> ZigbeeIP network, a Thread network, or a WiSUN network. Those alliances
> specify a particular bundle of functionalities from a bunch of RFCs and build
> their compliance tests on that. If Thread decides that the RFRAGs are used,
> then all the nodes are capable of it.
> > But that's a long story to make in the RFC just to say we do nothing. Do we
> really want that?
> 
> I see your point, but we are also in theory supposed to consider the IAB's
> guidance from RFC 8170, including among other things incremental
> deployability.  So my inclination is to include a brief note that since
> deployments are expected to be managed and homogeneous, incremental
> transition requires a flag day.

I used your wording as the last sentence of the introduction.


> It did occur to me while reading the diff that we do treat the fragment with
> sequence 0 specially, and I didn't fully think through the possibilities if it is that
> first packet that is "too long" and needs to be subdivided.  There may be
> special considerations for the initial fragment where it gets some special
> handling, and though I suspect that there are not any real problems here, and
> in any case the datagram itself could be re-sent, I mention it just in case there
> are some new problems (e.g., we get stuck in a case where we have to send
> something that gets treated as a reset even if we don't want it to).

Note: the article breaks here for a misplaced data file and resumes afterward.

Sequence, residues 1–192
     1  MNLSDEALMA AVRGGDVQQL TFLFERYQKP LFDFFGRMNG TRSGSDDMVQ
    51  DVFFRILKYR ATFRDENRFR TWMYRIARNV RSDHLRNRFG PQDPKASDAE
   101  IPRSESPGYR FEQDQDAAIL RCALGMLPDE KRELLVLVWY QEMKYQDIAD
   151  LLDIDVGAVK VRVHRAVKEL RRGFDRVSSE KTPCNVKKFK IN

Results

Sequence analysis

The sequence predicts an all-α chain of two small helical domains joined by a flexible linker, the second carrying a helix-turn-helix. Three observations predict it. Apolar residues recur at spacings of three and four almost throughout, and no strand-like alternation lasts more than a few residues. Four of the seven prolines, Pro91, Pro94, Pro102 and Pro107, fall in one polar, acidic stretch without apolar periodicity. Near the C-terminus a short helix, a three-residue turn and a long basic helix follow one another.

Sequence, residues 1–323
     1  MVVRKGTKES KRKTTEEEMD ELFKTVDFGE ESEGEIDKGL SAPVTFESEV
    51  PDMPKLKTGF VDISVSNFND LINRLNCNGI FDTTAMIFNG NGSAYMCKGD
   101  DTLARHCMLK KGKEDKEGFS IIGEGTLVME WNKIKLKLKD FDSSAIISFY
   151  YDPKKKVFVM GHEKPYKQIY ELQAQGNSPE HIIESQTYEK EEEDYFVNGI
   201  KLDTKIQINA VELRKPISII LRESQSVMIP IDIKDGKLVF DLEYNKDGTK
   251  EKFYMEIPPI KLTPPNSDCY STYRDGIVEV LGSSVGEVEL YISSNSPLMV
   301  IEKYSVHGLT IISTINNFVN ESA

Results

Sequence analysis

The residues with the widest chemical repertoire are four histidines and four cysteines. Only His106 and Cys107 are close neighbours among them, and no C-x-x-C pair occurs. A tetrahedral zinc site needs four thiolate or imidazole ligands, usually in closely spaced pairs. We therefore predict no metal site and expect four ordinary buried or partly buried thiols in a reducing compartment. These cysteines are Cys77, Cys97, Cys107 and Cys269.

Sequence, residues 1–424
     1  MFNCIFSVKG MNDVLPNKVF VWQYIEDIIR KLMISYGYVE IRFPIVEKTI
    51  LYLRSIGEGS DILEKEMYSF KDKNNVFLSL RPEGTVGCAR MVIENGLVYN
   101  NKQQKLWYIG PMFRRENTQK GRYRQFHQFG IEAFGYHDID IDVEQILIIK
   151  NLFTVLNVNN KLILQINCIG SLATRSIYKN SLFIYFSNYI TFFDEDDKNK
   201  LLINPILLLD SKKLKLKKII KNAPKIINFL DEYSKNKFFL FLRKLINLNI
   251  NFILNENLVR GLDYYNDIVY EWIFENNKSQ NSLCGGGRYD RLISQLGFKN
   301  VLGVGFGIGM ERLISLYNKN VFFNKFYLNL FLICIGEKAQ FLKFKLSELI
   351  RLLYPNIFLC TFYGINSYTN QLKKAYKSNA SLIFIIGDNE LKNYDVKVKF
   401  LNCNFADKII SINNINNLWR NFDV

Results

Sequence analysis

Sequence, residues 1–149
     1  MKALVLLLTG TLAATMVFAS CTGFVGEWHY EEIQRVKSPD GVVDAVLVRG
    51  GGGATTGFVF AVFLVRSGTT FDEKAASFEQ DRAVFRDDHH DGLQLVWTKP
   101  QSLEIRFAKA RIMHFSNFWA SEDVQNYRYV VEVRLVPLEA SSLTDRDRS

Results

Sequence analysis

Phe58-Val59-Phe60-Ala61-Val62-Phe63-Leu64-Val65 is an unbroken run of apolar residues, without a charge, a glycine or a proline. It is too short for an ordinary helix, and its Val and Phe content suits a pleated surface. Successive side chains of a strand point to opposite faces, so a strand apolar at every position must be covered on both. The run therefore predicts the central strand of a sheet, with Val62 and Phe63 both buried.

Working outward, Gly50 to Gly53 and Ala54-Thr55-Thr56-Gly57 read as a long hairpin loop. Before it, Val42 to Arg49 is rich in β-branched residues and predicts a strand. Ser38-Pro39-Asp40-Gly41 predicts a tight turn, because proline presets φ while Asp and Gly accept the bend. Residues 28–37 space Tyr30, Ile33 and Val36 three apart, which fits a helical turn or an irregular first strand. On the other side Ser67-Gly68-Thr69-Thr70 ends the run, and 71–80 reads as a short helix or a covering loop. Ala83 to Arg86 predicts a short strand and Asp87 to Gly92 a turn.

Not sure I get you. Tentative answers:
1) The first fragment even when retried carries the Datagram_Size  in the Fragment_Offset so it is not zero and not confused with a reset.
2) This may enter PMTU discovery land... does it? We could use the first fragment for that, but that will be another specification.

> >
> > > ----------------------------------------------------------------------
> > > COMMENT: (merged email)
> > > ----------------------------------------------------------------------
> > >





> > What about
> >
> > "
> >
> >    There is no requirement on the reassembling endpoint to check that
> >    the received fragments are consecutive and non-overlapping.
> >
> > "
> 
> That seems to cover it, though of course there are the usual potential
> security considerations if it doesn't check, which IIRC are in the
> companion document now.

For memory the companion doc https://tools.ietf.org/html/draft-ietf-6lo-minimal-fragment-14 says
"
   *  Overlapping fragment attacks are possible with 6LoWPAN fragments
      but there is no known firewall operation that would work on
      6LoWPAN fragments at the time of this writing, so the exposure is
      limited.  An implementation of a firewall SHOULD NOT forward
      fragments but instead should recompose the IP packet, check it in
      the uncompressed form, and then forward it again as fragments if